Duck Team 6 Volunteer Guinness taking guarding the donated dog food very seriously • photo by Bruce

Canine Duck Team 6 volunteer Guinness taking his job guarding donated dog food very seriously • photo by Bruce

Even if all you can grow is a tiny planter of herbs on a window sill, next time you go to dinner at a friend’s house, cut a tiny bouquet and tie it to the ubiquitous bottle of wine with a bright ribbon or rustic cord. I’ll bet you a quart of okra, you’ll get a similar reception.

 

 

 

Sow: voluntold

In the gardening world, there are plants known as “volunteers.” These sneaky little devils are not planted by human hand. They just show up and take root. They could be “planted” by the wind, dropped from a bird’s beak, carried by naughty squirrels moving yummy seeds to their eat later stash, or even hidden in the depths of a compost pile.

In my case, it’s possible they’re here to test my sanity, patience, and goodwill to plant-kind.

After my terrible luck with tomatoes for the last two years I vowed that I would NEVER EVER grow them again. And I meant it. Well, I guess I’ve been “voluntold” by the wind, birds, squirrels, compost or something else to grow them this spring. Maybe rejecting tomatoes will be the best thing that ever happened to my tomato farming. Teaches me to give up on a type of plant.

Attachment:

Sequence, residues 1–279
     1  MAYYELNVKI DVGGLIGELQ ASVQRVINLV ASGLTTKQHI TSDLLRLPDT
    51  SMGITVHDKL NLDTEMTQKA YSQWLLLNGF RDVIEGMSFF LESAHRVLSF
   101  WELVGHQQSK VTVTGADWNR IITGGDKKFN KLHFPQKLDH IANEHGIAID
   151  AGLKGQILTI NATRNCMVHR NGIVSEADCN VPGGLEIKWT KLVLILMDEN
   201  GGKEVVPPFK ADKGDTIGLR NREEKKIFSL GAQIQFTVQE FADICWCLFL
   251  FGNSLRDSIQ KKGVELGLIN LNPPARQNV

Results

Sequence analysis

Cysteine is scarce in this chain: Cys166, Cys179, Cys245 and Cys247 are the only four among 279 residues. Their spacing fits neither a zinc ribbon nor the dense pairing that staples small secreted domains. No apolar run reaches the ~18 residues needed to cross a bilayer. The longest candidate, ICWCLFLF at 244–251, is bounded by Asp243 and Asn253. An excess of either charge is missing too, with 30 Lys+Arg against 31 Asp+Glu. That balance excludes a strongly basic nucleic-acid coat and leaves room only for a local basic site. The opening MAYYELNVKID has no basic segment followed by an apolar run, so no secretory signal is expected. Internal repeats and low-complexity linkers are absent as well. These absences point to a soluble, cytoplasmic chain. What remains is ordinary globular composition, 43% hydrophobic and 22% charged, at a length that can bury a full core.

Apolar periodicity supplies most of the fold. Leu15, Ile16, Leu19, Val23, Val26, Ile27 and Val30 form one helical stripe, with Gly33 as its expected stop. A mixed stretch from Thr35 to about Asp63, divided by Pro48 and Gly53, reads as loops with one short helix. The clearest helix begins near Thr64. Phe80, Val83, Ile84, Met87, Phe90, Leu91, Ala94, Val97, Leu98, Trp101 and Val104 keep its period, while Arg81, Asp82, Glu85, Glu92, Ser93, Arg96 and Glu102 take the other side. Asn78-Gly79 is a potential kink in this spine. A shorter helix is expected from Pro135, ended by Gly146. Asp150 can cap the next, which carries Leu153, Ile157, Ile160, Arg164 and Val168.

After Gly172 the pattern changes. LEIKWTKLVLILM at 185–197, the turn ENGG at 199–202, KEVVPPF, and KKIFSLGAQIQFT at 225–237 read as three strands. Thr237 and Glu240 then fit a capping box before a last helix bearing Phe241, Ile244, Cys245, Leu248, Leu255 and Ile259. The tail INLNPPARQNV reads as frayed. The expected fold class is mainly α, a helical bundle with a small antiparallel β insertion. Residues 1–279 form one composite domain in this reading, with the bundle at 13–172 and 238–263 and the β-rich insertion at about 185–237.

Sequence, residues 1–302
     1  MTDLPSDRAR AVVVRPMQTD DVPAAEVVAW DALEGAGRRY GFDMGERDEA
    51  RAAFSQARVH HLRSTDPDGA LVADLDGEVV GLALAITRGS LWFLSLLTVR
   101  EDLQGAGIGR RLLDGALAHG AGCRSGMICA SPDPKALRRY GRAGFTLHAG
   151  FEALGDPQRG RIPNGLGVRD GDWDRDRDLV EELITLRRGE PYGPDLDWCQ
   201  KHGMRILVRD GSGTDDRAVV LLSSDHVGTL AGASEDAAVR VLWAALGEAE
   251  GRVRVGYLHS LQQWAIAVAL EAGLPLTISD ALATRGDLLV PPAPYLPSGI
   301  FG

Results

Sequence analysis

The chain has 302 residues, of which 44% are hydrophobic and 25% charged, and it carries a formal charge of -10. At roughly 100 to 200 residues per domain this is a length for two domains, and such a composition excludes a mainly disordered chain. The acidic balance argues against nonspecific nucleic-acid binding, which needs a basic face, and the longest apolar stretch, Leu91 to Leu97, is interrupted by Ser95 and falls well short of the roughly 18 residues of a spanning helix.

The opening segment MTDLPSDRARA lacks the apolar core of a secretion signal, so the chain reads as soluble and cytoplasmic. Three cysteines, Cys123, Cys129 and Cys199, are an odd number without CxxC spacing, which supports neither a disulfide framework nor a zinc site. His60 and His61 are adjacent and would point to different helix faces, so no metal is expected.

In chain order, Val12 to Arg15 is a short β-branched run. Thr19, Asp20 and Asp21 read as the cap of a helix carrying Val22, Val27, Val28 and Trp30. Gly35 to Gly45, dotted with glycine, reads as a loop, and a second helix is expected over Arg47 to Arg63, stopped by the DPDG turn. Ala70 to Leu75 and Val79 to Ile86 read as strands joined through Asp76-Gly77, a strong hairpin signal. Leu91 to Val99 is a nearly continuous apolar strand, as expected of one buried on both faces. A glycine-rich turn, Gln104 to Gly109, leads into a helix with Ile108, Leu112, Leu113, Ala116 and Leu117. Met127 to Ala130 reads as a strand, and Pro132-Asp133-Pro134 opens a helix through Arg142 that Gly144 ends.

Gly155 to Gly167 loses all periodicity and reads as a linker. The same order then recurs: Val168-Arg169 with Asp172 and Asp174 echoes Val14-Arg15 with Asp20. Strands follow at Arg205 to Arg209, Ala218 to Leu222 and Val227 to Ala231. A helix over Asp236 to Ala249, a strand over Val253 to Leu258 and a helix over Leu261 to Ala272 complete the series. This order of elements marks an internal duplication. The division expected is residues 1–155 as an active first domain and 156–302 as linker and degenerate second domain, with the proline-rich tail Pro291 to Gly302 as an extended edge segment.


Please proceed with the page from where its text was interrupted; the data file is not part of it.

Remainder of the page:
See, two volunteer tomato plants have appeared in Raised Bed #4, where I grew tomatoes last year. They’re nestled in between the thriving power greens: spinach, kale, and chard. Sneaky bastards. Of course, I didn’t have the heart to pull them out once I realized what they were. They’re doing quite well, flowering, growing,  and enjoying the new irrigation system. They even have nice red cages to protect them as they get bigger. Maybe if I continue to ignore them they’ll be fabulous. I can almost taste the ‘mater sandwiches now…

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Volunteer tomato #1, barging in on the spinach

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Volunteer tomato #2, crowding the kale

My other volunteers cheered me up. I was really sad when the beautiful Malabar spinach got hit by the first frost and croaked. Two little plants provided lots of people with green leafy goodness and looked so pretty covering the trellis at the back of Raised Bed #2 all summer and fall. Well, I guess it’s a perennial or it’s decided to be zombie spinach because it’s back. And it looks like it’s more determined than ever — the little plants seem to be doubling every day. Hopefully it doesn’t squeeze out my one surviving bush bean that’s just starting to get close to the trellis. Or bug the okra. But I know I’m going to be happy to have it around when North Texas’ crazy summer temperatures get too hot for regular spinach. I bet it makes great green drinks.

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Malabar spinach is back! Green drinks for everyone!

But I can’t really complain. Even though I wasn’t planning for them, these volunteers are all doing great. And they were 100% free. I’ll keep you posted on how they do.

 

Gratuitous dog photo of the day:

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Godiva decided to see if Gidget’s crate was good for naps. Photo by Bruce

So: back in the infinite game